Inspiring Berkeley alums remind us that graduating doesn’t suck

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U.S. Embassy Jakarta, Indonesia/Courtesy/Flickr

It’s that time of the semester once again. Preparation for our last midterms and finals hasn’t necessarily started, but many of us know that it should have. While readings pile up and papers loom in the not so far off distance, we watch that last season of Mad Men that’s finally up on Netflix. We stay up until 3 a.m. with friends analyzing the latest episode of Game of Thrones rather than the research for our 10-page paper due in 2 weeks.

We know that all the seniors and graduate students out there — and maybe some idealistic sophomores and juniors — have been thinking about the future in the midst of all this movie-going and sleeping in. If you’re in that boat, maybe you’ve applied for a couple of jobs, only to receive the automated rejection letters that remind you of college apps four years ago. This is starting to sound pretty grim, we know, but this is the reality of our imminent last weeks as Berkeley students. Sometimes — most of the time — the real world seems scary. As we stare ahead into the faces of our futures, suddenly our excitement about our Cal degrees seems less and less valid.

We’re here to reassure you. Although the economy isn’t its best and we couldn’t all be MCB majors, Berkeley alums from across the board are notorious for doing amazing things with their degrees. In fact, many of the pastimes we often take for granted while not doing our homework would not exist without Berkeley brilliance. We’re going to list a few that we hope you’ll find reassuring.

Douglas C. Engelbart. Ever use a computer mouse? We know you do if your preferred procrastination has anything to do with “Call of Duty” or “StarCraft.” Well, the guy who invented the handy tool graduated with a bachelor’s degree in engineering in 1948, and a master’s degree from Berkeley in 1953. He also invented some other stuff, like inhypertext,which is pretty awesome (Hint: We used hypertext to link you to the meaning of hypertext.)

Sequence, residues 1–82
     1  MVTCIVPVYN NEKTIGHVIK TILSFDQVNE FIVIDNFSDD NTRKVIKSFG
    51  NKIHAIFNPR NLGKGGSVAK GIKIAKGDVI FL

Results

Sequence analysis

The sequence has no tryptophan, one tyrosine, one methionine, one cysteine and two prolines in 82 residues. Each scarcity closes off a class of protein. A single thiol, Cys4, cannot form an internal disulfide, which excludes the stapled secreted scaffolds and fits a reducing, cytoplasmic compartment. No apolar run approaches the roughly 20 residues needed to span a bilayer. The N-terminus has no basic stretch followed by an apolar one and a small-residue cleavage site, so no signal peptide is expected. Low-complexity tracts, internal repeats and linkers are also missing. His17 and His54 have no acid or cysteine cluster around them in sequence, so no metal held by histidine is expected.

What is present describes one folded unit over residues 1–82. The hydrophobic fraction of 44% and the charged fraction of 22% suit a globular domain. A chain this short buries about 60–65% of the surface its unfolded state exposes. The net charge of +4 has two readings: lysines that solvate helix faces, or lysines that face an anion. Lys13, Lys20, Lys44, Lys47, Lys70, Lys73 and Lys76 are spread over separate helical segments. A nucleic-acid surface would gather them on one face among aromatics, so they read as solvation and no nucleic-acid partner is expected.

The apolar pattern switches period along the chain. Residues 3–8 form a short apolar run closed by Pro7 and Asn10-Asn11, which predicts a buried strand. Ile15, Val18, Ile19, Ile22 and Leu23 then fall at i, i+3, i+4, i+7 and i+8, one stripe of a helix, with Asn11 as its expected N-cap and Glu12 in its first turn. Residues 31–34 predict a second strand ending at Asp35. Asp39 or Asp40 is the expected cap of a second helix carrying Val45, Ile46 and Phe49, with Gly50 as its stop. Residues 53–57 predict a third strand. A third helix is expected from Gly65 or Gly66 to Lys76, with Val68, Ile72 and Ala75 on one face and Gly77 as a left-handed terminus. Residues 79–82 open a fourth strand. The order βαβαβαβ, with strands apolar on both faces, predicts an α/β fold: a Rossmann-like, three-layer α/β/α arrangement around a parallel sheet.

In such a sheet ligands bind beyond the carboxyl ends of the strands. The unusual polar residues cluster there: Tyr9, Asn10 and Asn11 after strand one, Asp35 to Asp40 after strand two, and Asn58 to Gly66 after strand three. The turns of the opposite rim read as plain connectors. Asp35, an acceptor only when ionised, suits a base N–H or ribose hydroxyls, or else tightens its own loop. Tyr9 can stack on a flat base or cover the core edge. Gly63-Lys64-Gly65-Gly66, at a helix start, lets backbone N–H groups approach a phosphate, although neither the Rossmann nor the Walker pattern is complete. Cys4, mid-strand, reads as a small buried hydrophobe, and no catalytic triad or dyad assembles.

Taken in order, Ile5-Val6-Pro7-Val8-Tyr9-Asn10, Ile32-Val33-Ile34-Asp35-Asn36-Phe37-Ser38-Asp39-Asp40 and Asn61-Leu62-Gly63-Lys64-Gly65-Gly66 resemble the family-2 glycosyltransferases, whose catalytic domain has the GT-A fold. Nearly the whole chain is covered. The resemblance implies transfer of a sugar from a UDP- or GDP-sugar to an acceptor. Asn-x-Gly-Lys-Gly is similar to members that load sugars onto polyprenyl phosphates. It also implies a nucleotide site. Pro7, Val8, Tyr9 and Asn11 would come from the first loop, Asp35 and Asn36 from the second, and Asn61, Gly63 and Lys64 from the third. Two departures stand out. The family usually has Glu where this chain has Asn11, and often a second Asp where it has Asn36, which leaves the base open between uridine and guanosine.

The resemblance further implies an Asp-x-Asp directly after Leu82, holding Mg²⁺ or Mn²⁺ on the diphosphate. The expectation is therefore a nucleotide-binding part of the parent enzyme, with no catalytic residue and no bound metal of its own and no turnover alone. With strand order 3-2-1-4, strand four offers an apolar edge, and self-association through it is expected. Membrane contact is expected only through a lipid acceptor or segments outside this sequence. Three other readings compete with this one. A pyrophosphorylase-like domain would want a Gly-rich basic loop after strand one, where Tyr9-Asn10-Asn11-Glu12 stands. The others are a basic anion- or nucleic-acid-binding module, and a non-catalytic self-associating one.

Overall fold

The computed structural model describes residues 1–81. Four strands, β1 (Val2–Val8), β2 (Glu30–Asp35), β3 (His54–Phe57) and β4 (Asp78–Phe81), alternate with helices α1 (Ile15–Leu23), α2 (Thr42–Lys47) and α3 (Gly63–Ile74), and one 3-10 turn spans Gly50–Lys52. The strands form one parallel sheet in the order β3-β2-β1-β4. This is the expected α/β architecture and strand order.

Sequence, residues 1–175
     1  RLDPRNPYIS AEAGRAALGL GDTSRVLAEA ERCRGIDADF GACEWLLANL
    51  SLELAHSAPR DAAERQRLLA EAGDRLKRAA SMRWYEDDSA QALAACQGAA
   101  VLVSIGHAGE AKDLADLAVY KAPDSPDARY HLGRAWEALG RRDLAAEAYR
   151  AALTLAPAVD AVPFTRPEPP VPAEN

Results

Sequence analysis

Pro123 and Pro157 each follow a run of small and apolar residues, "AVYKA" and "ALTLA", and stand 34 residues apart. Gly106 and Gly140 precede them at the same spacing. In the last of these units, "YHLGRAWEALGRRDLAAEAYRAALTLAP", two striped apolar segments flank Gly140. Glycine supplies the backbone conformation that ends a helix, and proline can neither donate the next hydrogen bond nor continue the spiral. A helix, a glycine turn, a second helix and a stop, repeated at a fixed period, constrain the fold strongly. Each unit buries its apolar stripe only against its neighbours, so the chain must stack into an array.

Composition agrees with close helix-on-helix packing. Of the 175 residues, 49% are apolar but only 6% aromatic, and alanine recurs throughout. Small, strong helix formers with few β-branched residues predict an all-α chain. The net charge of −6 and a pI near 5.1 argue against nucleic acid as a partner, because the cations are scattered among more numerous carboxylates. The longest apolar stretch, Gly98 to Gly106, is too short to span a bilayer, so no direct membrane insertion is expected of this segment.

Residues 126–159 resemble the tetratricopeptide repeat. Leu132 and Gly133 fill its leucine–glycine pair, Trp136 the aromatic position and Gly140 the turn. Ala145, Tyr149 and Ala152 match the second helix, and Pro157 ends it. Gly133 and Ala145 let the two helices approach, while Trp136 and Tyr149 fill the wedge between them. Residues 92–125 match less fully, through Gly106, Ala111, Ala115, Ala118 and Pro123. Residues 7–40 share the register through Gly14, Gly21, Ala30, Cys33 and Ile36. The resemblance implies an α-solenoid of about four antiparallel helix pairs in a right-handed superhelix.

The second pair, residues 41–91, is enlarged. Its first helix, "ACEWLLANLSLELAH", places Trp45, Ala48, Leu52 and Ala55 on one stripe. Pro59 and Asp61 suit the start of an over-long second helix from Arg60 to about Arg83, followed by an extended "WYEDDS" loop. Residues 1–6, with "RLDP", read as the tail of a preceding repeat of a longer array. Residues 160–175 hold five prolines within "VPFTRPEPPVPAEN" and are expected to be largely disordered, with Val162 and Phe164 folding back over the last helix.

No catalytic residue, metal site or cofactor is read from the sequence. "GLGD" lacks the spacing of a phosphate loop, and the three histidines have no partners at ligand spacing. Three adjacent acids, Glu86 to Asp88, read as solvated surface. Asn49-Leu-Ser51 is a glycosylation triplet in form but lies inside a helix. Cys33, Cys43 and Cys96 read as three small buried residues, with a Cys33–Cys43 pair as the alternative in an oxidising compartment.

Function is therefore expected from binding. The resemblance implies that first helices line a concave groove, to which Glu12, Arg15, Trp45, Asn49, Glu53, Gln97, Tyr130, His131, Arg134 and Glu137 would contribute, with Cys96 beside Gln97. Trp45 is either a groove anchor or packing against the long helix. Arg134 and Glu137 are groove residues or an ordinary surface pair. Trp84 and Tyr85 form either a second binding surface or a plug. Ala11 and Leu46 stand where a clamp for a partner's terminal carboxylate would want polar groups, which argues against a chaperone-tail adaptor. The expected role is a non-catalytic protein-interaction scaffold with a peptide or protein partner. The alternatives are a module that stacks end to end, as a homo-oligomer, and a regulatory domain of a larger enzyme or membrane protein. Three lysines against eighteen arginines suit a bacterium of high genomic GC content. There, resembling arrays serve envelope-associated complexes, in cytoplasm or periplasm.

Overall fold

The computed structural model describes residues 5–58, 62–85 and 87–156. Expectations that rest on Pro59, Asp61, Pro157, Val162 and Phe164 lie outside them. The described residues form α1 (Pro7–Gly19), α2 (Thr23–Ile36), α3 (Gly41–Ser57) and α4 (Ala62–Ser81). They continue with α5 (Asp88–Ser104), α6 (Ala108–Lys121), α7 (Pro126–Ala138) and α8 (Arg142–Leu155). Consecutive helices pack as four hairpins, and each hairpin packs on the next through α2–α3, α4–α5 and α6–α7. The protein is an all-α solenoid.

Paul E. Debevec. Gaming not your thing? More into awe-inspiring blockbuster rewatching? Debevec earned his doctorate in computer sciences from Berkeley in 1996 and went on to develop technology without which “Avatar” and “The Matrix” would not have been the same. In 2002, he was named by the MIT Technology Review as one of the top 100 young innovators in the world under the age of 35. Promising, yes?

Marguerite Higgins Hall. You’re reading our newspaper’s blog right now, and coincidentally she worked for The Daily Californian in the late 1930s. Higgins Hall graduated with a bachelor’s degree in French in 1941 and went on to become a celebrated war correspondent during WWII, the Korean War and Vietnam. By celebrated, we mean Pulitzer Prize-winning, of course. And guess what? She’s on a commemorative postage stamp! We think that’s pretty cool and probably due to her prolific career at the Daily Cal.

Robert Gaskins If you really don’t have time to watch movies, read tons of our posts or click away at incising hyperlinks due to project deadlines, chances are you’re relying on lecture notes on bSpace to cram. Or you’re stuck creating PowerPoints yourself, preparing to present some research to a class of hundreds. For that, you have Mr. Gaskins, the inventor of PowerPoint, to thank. He graduated in 1978 with a master’s degree from Cal.

Madelyn Dunham Hey, even if you don’t graduate you might end up aiding the procreation of some pretty cool people, like, we don’t know, the leader of the free world? No! Madelyn Dunham is not Lena Dunham’s grandma. She’s President Obama’s!

We’re kidding. You should definitely graduate. And when you do, you’ll most likely follow in some of these astonishing footsteps, so don’t worry about the senior slump! We’re sure Julia Morgan procrastinated by sketching the halls of Hearst Castle instead of finishing math homework. The point is, you may not end up doing what you thought you’d do in the future, but whatever it is that your postgrad years truly hold, we know it’s going to be forever appreciated by generations of future procrastinators around the world.

Contact Jordan Henigman at [email protected]

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